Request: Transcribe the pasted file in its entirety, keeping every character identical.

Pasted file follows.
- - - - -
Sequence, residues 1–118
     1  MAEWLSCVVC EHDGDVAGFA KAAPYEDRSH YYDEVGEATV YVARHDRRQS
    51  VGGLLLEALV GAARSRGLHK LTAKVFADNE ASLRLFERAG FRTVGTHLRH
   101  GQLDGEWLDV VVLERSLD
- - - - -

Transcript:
Sequence, residues 1–118
     1  MAEWLSCVVC EHDGDVAGFA KAAPYEDRSH YYDEVGEATV YVARHDRRQS
    51  VGGLLLEALV GAARSRGLHK LTAKVFADNE ASLRLFERAG FRTVGTHLRH
   101  GQLDGEWLDV VVLERSLD